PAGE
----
I stared at him. “Like what?”
“All of us have been trained to control our gifts, Ember, and Olivia’s gift isn’t dangerous, but…”
“But mine is?”
“They’re afraid the Facility will come, and we’ll all have to go to South Dakota—to the Facility. We like it here, and trust me, you wouldn’t like it there.”
A cold shiver lifted the fine hair on my neck. “What happened there?”
His face turned distant, cold even. “Nothing—it’s nothing to worry about now. Look, all of our lives are affected. I mean, we all have to be careful.”
“I don’t get it. How am I supposed to care about the Facility if I don’t know what or who they are?”
“Okay. The Facility is like… like the police of the gifted. I know that sounds stupid, but they kind of create the rules and make sure we follow them.”
“What kind of rules?”
“There are a lot, Ember, but the most important is that we don’t lose control of our gifts and expose ourselves to the outsiders.”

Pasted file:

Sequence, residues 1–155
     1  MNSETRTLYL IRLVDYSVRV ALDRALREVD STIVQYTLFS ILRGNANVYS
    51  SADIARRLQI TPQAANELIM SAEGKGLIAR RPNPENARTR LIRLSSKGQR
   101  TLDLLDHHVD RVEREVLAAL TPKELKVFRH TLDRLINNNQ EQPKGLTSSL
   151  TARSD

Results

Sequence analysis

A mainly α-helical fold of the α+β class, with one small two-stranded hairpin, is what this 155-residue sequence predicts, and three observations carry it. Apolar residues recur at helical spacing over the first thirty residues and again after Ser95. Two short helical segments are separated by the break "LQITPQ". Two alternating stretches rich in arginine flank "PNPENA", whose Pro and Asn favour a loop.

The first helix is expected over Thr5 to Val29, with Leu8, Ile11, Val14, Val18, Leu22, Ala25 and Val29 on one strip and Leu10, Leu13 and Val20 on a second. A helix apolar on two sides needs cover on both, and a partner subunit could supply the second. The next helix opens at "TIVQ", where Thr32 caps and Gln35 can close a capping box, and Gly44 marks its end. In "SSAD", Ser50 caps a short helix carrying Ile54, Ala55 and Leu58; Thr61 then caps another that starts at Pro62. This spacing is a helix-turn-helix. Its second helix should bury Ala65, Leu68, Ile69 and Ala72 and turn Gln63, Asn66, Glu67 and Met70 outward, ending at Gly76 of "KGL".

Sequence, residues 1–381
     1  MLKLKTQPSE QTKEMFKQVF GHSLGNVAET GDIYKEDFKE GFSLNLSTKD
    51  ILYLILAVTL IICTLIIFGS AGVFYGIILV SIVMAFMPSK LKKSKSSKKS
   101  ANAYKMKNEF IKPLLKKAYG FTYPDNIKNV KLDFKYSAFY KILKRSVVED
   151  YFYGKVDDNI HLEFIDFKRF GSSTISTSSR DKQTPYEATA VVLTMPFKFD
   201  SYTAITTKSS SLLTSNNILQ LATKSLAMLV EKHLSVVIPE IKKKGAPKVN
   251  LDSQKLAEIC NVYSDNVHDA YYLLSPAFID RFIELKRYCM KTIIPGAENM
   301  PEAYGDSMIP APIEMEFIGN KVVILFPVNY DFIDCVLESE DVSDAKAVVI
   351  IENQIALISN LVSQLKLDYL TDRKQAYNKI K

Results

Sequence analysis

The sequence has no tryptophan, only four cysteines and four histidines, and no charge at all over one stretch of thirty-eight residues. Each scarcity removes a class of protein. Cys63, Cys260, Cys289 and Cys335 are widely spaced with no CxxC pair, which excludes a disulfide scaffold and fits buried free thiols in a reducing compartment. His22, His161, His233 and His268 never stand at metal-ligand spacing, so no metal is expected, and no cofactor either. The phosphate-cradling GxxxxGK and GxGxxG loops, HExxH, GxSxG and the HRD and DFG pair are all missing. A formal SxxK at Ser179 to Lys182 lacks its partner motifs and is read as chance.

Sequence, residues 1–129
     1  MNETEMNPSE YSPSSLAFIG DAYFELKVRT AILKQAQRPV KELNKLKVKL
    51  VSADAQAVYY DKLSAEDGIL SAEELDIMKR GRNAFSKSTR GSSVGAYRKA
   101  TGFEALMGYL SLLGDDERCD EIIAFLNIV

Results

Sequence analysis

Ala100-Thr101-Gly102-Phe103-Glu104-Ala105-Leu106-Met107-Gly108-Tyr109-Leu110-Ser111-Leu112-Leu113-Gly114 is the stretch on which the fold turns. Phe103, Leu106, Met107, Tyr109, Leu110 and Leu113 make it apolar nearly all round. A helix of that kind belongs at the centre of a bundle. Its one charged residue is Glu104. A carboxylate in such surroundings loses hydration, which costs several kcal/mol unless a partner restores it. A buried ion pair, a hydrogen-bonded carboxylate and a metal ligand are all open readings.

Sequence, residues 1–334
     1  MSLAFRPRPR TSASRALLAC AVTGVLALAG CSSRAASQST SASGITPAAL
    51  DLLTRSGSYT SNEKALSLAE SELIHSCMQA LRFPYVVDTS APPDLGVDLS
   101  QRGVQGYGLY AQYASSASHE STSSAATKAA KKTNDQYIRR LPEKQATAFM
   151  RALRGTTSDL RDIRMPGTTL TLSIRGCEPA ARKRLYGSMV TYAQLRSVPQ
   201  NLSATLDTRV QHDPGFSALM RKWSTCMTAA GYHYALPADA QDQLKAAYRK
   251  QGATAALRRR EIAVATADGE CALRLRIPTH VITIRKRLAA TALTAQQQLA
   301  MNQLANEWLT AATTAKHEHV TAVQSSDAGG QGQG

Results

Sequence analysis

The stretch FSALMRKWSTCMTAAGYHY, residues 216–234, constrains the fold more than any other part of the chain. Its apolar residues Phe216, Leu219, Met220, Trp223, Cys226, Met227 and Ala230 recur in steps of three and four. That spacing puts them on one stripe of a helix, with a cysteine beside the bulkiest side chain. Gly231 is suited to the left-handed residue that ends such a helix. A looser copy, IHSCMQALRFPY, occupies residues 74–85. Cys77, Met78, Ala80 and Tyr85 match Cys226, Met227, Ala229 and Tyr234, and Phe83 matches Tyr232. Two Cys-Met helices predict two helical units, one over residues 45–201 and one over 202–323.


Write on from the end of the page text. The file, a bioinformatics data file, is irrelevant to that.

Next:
I pressed my lips together. Looking at Hayden now, I wasn’t too sure he had a firm grasp on his gift either. Even now he looked like he wanted to destroy an entire town.
“A lot is riding on you, Ember. It might not be fair, but if you can’t control your gift, something is bound to happen,” Hayden said. “And it’s just not Olivia who’ll be affected. All of us will be.”
My palms were sweaty the rest of the day. Gross. I’d always thought my curse wouldn’t affect anyone else as long as I didn’t touch them, but I couldn’t continue to hide from the fact one day I might zap someone again—by accident… or on purpose.
And that’d bring the Facility down on everyone.
All I knew about the Facility were the little tidbits dropped here and there. They existed somewhere in South Dakota. If gifted people acted up or did something that brought unwanted attention, they ended up there, and finally, they took the gifted who couldn’t control their abilities.
I did sound like a prime candidate when I thought about it, which put me in a fog the rest of the day. In bio, I got the seat next to Cory.
“How do you like it here?” Cory ran a hand over his cropped hair.